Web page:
The former head of Russian Railways, Vladimir Yakunin, is demanding millions of rubles in compensation from the investigative newspaper Novaya Gazeta for allegedly damaging his reputation, the RBC outlet cites his spokesman as saying.
Yakunin headed the state railway company for more than a decade before abruptly resigning in 2015. He has been the regular target of corruption claims, fueled by investigations by opposition politician Alexei Navalny.
Yakunin is now seeking 5 million rubles ($76,000) in damages from Novaya Gazeta and two of its journalists for reports linking him and his relatives to a high-profile corruption case and, last month, the assassination of a senior investigator outside her home.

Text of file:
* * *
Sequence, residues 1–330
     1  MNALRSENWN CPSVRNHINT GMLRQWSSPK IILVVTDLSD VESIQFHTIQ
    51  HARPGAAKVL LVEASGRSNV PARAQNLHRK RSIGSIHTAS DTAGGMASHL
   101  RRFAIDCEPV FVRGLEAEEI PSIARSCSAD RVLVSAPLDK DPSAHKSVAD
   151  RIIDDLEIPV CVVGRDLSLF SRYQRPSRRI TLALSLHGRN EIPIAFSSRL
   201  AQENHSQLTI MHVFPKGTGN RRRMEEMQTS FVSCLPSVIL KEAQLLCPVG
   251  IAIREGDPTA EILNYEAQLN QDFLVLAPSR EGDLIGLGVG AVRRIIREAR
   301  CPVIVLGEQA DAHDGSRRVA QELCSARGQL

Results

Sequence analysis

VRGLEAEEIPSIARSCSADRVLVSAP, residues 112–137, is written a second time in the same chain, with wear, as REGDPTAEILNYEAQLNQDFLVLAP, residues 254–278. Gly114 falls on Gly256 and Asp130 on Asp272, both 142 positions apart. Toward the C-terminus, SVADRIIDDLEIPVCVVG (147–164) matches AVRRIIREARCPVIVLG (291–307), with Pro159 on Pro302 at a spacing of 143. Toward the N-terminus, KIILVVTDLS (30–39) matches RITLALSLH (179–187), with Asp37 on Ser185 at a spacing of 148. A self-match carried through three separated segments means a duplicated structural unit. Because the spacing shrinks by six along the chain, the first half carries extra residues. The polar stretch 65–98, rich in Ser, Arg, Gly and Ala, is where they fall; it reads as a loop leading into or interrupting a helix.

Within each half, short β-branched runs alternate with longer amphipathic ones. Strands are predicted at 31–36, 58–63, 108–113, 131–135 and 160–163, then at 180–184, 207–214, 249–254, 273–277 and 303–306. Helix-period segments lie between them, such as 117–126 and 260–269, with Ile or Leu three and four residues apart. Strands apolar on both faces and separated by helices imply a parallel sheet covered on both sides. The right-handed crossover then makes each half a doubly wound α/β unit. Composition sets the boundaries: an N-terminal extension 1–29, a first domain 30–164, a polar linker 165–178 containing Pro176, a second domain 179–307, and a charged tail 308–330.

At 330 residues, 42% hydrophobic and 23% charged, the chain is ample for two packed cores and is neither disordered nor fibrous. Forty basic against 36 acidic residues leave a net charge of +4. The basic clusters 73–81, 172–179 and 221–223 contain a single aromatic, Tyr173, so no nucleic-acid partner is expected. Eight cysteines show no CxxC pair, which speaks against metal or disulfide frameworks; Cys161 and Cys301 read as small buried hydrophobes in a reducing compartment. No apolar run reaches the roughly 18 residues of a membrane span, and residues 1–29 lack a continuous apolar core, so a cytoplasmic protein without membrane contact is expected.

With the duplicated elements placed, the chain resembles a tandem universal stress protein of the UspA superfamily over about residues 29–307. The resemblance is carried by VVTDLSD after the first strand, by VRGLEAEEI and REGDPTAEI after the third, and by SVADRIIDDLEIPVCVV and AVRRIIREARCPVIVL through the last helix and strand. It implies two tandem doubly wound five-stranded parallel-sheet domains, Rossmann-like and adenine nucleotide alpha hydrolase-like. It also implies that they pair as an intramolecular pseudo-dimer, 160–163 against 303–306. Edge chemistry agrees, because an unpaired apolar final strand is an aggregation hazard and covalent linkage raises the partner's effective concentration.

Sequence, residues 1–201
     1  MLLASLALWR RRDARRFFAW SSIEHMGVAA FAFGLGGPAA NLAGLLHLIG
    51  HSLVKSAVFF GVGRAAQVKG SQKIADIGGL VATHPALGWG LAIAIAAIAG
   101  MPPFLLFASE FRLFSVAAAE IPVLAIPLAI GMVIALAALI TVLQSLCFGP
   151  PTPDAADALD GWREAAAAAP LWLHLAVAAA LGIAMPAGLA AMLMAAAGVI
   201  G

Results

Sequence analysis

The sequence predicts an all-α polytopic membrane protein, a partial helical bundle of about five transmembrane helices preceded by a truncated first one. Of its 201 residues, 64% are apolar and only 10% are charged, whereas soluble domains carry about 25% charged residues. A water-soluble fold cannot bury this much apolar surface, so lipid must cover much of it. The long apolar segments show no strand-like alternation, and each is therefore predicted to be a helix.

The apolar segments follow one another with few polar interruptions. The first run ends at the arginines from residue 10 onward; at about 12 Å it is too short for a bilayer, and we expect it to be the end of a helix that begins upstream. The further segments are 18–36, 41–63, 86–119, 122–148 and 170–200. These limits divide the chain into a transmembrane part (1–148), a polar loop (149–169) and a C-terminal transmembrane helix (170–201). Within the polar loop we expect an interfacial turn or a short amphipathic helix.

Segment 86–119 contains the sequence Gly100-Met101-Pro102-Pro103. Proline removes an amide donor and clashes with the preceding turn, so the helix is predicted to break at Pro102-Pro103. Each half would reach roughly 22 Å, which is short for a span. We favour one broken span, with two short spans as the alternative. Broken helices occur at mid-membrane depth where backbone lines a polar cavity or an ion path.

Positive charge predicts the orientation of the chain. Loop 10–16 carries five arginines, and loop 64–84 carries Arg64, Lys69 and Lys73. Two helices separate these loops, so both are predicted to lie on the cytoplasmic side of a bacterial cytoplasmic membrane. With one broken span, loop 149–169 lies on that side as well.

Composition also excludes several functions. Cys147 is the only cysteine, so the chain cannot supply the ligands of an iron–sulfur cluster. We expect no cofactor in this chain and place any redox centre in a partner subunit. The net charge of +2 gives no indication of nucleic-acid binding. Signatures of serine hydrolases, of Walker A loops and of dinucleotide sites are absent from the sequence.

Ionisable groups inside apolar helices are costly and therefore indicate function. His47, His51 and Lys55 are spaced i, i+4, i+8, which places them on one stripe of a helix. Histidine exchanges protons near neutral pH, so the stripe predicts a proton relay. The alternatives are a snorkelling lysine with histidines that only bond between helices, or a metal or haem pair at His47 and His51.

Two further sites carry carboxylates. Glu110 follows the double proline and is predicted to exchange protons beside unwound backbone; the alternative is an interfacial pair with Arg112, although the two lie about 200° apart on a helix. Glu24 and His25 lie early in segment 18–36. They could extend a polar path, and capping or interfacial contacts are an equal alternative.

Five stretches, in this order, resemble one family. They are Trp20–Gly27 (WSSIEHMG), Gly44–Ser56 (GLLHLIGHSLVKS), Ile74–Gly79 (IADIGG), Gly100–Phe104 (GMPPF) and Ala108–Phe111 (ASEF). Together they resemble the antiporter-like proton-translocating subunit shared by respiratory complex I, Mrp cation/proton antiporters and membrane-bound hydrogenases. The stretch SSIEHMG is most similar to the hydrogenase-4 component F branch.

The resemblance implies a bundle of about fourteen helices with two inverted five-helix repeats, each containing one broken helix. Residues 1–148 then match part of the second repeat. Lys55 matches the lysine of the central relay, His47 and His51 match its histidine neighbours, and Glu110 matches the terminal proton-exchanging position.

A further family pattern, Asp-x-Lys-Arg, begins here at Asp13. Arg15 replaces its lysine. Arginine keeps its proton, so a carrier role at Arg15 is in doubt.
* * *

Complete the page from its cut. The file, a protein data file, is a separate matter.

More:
Yakunin’s spokesman Grigory Levchenko at the time said the journalists had “crossed a red line,” demanding a retraction and an apology, the RBC news site reported.
“The only purpose of this claim is to protect [Yakunin’s] good name and reputation,” Levchenko told RBC after announcing the lawsuit against Novaya Gazeta on Friday. “Lawyers have concluded that the two Novaya Gazeta articles contain untrue and offensive information.”
Levchenko said the compensation would be spent on “supporting professional journalism” and children’s charities.
Novaya Gazeta’s chief editor Sergei Kozheurov told RBC he had not been informed about the lawsuit.
RBC itself lost a libel suit to the head of Rosneft Igor Sechin in 2016, after the paper reported he had asked the Russian government to protect his company from its minority shareholder, BP. The article was later retracted.